At 2:30pm, as the Bioblitz draws to a close participants are encouraged to join John Griffith of the California Conservation Corps for the bioblitz dance, this dance has become a social media sensation and every participant is welcome to bring their own personal dance moves to add to the event.
Folk musicians The Real Sarahs and Gwyneth Moreland will help attendees to relax after a day in nature with organic harmonies that enchant and uplift the spirit from 3-5pm. These singer-songwriters create magic with voices in harmony, acoustic instruments, and the energetic connection between artists and audience. With a breadth of influences, you are likely to hear threads of folk, jazz, blues, and country running through their songs.
Visitors are encouraged to join any or all of the events during the weekend. The events are suitable for a wide range of ages and experiences. Photographers will have an opportunity to display their skills during a competition for the best pictures taken during the weekend. Prizes will be given not only for the best pictures of wildlife but also for pictures that express the wonder and awe of nature.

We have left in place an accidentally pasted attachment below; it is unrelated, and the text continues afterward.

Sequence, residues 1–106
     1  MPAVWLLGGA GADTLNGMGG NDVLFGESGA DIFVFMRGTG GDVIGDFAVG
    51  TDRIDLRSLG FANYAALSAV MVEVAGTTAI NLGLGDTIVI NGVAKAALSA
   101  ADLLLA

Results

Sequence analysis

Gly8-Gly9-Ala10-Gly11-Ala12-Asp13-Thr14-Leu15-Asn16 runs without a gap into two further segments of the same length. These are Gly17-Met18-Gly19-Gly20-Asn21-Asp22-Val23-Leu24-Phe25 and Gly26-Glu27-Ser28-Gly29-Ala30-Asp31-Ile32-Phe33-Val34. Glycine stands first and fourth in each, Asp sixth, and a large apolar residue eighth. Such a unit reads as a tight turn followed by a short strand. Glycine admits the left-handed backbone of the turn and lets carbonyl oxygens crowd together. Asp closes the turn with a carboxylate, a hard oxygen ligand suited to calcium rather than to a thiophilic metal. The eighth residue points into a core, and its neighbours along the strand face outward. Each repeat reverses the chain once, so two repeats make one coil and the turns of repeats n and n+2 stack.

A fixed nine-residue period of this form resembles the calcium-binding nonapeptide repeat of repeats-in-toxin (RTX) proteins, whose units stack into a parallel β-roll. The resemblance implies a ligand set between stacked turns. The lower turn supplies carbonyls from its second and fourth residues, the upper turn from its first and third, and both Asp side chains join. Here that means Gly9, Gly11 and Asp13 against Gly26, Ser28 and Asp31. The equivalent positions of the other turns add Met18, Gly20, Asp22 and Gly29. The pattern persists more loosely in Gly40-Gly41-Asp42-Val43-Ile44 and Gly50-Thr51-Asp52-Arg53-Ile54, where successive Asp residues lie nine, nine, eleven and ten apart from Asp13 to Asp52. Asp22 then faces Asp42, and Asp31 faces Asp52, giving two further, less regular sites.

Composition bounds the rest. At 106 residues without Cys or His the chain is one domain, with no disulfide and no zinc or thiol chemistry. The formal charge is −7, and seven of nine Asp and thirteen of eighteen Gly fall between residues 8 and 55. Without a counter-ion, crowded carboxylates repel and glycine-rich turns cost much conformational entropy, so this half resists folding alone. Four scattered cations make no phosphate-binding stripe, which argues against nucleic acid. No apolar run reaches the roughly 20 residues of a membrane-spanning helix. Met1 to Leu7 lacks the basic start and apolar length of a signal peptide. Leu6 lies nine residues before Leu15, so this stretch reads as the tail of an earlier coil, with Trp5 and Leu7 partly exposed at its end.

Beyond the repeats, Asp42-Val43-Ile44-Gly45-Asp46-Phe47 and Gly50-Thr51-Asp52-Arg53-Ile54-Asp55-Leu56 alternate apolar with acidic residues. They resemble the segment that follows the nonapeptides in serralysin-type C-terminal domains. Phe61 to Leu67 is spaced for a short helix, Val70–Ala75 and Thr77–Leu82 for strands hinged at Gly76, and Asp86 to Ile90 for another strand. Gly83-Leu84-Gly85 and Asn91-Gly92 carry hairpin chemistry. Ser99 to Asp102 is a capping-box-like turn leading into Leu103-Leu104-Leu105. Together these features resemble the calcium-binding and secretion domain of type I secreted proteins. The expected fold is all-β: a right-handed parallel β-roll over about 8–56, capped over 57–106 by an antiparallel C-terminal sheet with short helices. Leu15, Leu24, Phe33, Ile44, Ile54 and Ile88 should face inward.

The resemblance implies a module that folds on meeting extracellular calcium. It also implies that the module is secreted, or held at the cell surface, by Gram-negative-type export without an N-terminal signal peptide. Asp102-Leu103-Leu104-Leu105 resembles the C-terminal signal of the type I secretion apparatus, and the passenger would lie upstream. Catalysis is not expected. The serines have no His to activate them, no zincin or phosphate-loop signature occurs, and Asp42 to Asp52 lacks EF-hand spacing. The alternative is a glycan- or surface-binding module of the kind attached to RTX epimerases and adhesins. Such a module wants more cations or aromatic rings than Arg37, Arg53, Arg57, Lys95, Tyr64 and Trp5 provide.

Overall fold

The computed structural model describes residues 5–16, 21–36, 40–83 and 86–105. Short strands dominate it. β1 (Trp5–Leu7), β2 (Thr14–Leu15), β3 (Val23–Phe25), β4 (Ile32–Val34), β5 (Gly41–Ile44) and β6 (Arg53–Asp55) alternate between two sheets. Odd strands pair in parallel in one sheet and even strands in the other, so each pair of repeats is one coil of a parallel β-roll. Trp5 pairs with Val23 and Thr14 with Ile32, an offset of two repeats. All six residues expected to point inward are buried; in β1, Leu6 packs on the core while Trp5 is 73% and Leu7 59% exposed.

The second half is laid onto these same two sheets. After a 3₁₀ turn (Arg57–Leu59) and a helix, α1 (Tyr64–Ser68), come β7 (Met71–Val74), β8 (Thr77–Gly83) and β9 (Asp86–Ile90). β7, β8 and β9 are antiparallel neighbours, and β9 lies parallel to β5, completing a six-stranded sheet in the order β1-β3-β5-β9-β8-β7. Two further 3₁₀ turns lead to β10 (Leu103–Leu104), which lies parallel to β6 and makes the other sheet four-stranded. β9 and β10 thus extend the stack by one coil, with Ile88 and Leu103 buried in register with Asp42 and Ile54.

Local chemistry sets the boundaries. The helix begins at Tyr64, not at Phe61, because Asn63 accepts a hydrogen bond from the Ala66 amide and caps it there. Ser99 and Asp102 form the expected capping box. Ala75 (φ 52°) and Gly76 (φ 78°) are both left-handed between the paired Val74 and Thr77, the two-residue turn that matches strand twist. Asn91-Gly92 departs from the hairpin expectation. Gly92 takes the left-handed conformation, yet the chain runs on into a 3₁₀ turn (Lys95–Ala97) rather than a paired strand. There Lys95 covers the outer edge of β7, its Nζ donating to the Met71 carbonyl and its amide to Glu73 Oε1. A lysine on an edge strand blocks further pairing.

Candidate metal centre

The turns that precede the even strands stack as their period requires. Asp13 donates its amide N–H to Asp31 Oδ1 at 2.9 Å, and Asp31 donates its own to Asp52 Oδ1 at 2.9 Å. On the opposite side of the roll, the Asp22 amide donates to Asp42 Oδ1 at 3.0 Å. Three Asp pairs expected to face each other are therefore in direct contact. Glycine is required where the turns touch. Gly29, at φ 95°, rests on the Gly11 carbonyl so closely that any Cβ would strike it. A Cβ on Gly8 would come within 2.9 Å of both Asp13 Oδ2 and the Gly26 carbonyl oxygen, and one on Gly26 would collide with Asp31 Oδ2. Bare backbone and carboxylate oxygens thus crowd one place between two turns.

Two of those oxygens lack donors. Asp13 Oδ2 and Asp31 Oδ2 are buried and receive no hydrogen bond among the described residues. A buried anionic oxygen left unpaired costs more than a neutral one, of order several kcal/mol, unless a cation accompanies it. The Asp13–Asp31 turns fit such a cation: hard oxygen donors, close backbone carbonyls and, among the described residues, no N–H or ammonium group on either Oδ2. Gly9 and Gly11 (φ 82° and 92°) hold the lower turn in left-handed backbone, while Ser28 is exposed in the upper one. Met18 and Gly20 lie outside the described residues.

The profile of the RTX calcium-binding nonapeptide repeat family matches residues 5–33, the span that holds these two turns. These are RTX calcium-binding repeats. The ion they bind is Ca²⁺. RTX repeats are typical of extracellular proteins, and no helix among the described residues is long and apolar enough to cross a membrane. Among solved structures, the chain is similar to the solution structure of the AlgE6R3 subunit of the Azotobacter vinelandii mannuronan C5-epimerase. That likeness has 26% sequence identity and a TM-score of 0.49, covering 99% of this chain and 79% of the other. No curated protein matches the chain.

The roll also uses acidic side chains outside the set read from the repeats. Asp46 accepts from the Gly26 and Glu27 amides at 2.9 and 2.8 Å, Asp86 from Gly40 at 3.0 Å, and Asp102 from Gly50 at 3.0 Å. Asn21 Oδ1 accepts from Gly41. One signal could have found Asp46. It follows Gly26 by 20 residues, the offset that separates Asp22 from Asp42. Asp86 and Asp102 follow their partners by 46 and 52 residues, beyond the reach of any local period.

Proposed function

“We hope that NatureFest will include all those who enjoy getting outdoors and observing nature – from the roly poly researching toddler to the keen gardener, hiker or aspiring teen wildlife biologist,” Bird said.
Tickets prices vary from $5-$60 for the different events, all prices are listed at http://bit.ly/NatureFest2018. Registration in advance is encouraged, all tickets are $5 more on the door. April 23rd is the deadline to register for the Friday April 27 dinner. Registration can be made online or by calling Hannah Bird at (707) 744-1424, Ext. 105. All events will begin at the Rod Shippey Hall, 4070 University Road, Hopland. NatureFest is supported by Charlie and Joan Kelly, VisitMendocino, Peregrine Audubon Society, 4-H, California Conservation Corps, Terra Savia, Blue Quail Wine and The California Naturalist Program.
Due to the nature of the research with sheep and a commitment to using guard dogs as part of a predator control program, no dogs are allowed on UC ANR HREC for public events.